Wednesday, July 11, 2018


Working on the details of the grasses took some time as I had to paint around most of the stalks and also suggest details behind the grass. Some parts are in shade so I used darker and richer washes for those areas. The lowest log was completed adding a few cracks and checks along with some annual rings etc. I may have to go a little darker on it but I want to finish the painting first then see. The snow had a few thin washes of purple added to take off some of the whiteness and some of the edges were further darkened suggesting a little snow melt - I also slightly darkened the snow shadows here and there. Getting close now so hopefully I'll be able to finish this one during the next painting session.

Saturday, July 7, 2018


Here I have built up some of the darkest tones and indicated some of the shadows within the painting. Most of the log ends are close to being complete but I'll probably have another go at them a bit later on when the painting is almost finished. I tend to let the work develop on its own rather than rushing ahead to get it done. In between, I can always work on something else and I check out the work from time to time to see what needs to be done next. I don't mind the painting taking longer than it should just as long as it goes just where I want it to. Next is probably the most difficult part - working on the foreground grasses. This and the shadows in the snow will hopefully bring it closer to being complete.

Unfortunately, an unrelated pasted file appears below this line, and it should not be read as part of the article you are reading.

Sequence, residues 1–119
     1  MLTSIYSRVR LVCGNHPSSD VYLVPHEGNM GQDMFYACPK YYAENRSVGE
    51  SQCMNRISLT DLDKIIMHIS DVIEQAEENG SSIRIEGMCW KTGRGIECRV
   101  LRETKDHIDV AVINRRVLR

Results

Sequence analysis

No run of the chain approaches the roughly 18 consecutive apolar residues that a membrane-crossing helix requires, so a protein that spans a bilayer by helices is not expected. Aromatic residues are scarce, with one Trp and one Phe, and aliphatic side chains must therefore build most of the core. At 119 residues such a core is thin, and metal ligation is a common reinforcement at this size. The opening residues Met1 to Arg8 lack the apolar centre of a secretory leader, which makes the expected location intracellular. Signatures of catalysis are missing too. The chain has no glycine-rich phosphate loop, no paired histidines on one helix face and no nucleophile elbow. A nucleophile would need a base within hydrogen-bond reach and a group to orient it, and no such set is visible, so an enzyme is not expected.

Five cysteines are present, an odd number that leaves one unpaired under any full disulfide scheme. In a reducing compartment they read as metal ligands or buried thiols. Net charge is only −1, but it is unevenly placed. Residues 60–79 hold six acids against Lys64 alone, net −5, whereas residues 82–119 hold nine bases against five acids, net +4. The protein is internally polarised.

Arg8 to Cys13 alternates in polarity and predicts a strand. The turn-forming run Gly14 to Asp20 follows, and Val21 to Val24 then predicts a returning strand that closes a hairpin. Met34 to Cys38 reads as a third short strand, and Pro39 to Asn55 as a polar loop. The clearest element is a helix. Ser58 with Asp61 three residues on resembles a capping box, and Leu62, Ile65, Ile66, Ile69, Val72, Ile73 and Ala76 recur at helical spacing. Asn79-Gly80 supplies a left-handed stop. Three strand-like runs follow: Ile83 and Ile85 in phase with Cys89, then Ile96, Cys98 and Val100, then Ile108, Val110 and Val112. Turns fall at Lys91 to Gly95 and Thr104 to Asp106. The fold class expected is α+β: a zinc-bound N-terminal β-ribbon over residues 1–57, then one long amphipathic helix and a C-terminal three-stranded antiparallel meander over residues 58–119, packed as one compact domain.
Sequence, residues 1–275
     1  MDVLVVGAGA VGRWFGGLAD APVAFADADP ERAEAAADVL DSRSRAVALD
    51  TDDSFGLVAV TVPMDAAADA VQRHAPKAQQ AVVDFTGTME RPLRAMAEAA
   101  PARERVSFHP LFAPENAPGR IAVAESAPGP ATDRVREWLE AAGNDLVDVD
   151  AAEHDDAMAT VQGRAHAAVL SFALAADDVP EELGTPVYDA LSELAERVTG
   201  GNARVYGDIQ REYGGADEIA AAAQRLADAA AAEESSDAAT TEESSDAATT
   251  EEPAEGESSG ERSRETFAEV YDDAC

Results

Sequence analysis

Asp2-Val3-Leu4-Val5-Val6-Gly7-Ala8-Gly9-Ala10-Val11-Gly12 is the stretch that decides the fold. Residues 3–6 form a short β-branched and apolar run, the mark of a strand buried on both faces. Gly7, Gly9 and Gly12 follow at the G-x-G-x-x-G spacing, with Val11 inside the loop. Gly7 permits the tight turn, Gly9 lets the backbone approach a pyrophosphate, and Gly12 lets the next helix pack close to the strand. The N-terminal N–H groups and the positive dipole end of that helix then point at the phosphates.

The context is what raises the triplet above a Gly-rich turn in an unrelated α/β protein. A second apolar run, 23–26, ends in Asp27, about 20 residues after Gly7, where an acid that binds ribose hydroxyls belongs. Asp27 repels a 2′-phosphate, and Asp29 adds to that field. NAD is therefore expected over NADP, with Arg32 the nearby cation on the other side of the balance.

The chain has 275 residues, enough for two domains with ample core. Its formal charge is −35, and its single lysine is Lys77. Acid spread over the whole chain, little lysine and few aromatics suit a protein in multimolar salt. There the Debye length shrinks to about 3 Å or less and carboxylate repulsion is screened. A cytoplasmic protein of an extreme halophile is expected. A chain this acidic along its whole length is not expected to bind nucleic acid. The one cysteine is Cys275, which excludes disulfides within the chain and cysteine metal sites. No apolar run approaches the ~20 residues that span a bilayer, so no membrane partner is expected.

Tuesday, July 3, 2018


With a start made on some of the smaller log ends, I began working on the two larger ones. Blending sepia with a little burnt sienna allowed for a few different color temperatures and to add variation to the ends. When doing the more recent studies on site, I noticed that the wood had bleached out quite a bit since from when it was first cut (these logs have been lying there for a few years now). As I continue defining the logs, I carefully paint around the snow areas as they will be mostly white paper with perhaps a faint purplish wash to tone down the starkness a little. The log on the lower left is where the root system was cut low to the ground and has many wonderful nooks and crannies. I'm sure this area will be quite difficult to paint so will get to that bit next.